Site-Blocking In Australia Expanded Again To Include 105 More Sites, Including A Search Engine

from the creep-creep-creep dept

The Australian government approved an amended copyright law late last year that made subtle changes to what types of sites ISPs can be ordered to be blocked by the courts, and the process by which that order is obtained. Essentially, the changes amounted to allowing blocking of sites with the primary “effect” being copyright infringement, rather than the primary “purpose”, along with an expedited process for getting additional site-blocking orders for sites that set up mirror sites to route around the blocks. Before the ink on the legislation was even dry, just as we warned, Village Roadshow and a bunch of American entertainment companies swooped into the court system to order blocks on all kinds of sites.

And now it appears those groups were just getting started. After getting 181 domains blocked late last year, industry groups have decided to expand that with a recent request to block an additional 105 domains.

Soon after, the same companies (plus Australian distributor Madman and Tokyo Broadcasting) returned to court with a new application to block 79 “online locations” associated with 99 domains.

The order appears to have changed slightly since the original application. It now lists 104 domains spread across 76 allegedly-infringing platforms. Many of the sites are well-known torrent and streaming services, including StreamCR, Torrenting, TorrentLeech, AnimeHeaven, and HorribleSubs, to name just a few.

It’s a significant number of sites to be sure and it’s all enabled by the change in the copyright law. It’s worth keeping in mind that we’re less than a year into the change in law, and the entertainment industry has already blocked something like 200 sites. Even if we were to stipulate the pirate-y nature of these sites, which we shouldn’t, the speed at which this much wholesale blocking is being done is tremendous.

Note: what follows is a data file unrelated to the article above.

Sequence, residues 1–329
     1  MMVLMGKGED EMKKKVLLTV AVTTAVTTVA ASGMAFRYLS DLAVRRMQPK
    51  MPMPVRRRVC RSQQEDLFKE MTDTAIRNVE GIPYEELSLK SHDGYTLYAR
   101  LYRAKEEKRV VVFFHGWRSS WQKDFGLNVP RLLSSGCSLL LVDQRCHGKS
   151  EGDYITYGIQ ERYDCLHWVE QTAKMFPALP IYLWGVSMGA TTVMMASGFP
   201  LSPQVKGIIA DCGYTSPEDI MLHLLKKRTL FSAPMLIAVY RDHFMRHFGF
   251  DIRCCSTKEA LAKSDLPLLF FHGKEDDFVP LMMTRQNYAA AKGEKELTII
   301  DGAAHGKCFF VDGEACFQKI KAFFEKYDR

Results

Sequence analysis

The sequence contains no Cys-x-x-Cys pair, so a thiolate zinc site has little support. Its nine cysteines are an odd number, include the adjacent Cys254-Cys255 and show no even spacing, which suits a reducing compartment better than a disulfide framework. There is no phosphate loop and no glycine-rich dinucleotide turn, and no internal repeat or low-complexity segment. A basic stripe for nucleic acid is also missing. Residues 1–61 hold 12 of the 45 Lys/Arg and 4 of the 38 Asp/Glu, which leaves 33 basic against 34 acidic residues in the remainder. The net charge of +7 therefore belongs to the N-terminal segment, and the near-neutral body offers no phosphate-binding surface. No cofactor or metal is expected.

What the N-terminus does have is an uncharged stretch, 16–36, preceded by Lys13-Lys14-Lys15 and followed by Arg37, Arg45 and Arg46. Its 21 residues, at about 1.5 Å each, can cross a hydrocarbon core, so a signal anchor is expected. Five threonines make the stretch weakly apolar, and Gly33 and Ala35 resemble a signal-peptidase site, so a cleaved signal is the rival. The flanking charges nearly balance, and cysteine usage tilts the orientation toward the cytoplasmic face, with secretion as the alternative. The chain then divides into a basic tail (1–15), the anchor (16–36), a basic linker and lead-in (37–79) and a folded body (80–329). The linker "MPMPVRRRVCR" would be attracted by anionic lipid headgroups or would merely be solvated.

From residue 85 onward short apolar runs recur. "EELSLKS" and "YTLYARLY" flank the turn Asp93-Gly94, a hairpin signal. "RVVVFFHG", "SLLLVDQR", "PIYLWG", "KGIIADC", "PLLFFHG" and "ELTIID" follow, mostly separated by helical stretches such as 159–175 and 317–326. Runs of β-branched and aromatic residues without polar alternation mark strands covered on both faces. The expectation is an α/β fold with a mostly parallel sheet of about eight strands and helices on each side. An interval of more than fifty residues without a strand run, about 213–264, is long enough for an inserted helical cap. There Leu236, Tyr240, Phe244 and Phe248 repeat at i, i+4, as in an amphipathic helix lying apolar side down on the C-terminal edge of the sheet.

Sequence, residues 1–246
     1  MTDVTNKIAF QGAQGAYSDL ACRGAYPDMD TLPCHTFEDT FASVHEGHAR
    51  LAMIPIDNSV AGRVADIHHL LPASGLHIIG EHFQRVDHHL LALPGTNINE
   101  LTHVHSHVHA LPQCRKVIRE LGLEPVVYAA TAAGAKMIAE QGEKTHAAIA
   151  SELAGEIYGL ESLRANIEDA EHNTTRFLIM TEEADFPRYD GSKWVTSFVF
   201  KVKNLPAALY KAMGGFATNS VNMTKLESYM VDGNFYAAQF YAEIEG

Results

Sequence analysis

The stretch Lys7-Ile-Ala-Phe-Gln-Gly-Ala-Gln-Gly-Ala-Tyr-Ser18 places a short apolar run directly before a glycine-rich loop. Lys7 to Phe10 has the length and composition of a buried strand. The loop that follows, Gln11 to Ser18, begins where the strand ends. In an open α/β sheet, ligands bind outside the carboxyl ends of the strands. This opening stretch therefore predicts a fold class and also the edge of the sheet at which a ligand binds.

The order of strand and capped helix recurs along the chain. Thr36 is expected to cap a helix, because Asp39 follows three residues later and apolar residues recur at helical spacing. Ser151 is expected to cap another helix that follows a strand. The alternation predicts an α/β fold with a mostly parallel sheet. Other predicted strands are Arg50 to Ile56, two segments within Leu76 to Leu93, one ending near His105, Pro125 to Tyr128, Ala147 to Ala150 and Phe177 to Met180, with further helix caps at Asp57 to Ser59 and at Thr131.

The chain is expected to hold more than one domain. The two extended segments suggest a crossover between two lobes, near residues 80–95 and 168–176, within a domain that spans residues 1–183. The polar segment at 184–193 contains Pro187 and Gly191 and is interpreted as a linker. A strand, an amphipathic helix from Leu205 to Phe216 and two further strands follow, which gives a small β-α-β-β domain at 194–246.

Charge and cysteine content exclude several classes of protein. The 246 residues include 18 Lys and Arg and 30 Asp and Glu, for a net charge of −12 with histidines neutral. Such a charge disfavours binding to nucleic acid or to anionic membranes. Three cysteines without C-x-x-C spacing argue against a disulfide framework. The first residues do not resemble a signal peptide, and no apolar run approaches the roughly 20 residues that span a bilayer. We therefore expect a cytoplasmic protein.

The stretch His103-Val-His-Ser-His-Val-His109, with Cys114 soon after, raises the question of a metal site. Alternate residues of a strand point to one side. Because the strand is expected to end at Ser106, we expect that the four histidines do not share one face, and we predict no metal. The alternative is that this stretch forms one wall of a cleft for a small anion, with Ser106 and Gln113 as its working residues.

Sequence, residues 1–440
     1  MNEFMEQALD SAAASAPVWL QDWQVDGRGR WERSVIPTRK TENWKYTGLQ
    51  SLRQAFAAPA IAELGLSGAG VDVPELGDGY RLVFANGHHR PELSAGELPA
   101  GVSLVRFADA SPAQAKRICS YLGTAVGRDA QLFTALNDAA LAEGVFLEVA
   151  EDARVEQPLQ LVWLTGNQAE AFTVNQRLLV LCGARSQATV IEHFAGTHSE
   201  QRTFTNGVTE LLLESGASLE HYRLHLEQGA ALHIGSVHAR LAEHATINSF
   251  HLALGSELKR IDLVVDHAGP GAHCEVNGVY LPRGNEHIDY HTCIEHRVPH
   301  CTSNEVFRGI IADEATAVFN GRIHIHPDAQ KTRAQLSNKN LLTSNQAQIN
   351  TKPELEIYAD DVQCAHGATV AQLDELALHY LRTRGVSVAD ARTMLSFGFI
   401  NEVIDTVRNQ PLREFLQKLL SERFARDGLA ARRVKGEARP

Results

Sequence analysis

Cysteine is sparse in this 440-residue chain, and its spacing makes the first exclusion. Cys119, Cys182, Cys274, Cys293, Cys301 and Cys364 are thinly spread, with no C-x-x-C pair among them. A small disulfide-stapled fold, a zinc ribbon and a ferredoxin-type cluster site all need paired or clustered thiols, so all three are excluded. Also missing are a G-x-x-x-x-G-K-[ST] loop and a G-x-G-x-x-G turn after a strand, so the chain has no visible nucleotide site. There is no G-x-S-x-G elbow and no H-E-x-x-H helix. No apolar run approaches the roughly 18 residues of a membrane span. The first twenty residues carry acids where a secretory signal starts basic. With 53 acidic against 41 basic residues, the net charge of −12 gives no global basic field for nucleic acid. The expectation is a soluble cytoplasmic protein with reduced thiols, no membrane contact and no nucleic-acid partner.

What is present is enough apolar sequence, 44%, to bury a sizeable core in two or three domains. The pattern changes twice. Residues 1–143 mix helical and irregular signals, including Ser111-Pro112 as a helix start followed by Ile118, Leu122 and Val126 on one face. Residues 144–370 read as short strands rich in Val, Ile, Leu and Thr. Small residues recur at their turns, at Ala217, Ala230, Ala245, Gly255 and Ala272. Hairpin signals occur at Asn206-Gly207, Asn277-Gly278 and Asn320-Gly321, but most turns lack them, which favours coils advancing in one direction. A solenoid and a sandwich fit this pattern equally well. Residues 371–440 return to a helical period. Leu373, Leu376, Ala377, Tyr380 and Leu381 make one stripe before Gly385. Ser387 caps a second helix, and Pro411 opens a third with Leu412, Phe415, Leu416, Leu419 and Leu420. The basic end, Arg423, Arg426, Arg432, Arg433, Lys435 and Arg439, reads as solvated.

On the topic of whether all the sites being blocked are pirate sites, at least one of those sites is attempting to defend itself.

It’s extremely unusual for any sites to mount any kind of defense against blocking but earlier this year, Socrates Dimitriadis – the operator of – did just that.

“My site is just a search engine that refers users to third-party websites,” he explained in a letter to the Court.

That appears to have held no sway with the Judge. Greek-Movies is the 15th site listed in the injunction, with ISPs required to target its main domain ( and/or its IP address, using DNS, IP address or URL blocking, or “any alternative technical means”.

This reveals the pernicious nature of the “purpose” to “effect” change in copyright law. There are simply no clear lines drawn here, which has now resulted in a site that does not host any infringing content being blocked under the argument that it’s primary effect is still to effect copyright infringement. Precisely how long do you think it will take before someone in the music industry attempts to get YouTube blocked using that same argument? After all, there is a lot of infringement being done on YouTube, even though the primary purpose of the site is certainly not to commit copyright infringement. It sure seems like someone could do a statistical analysis of views and/or traffic on YouTube, mess with the data, and reach the conclusion that infringement is a primary effect of the site, no?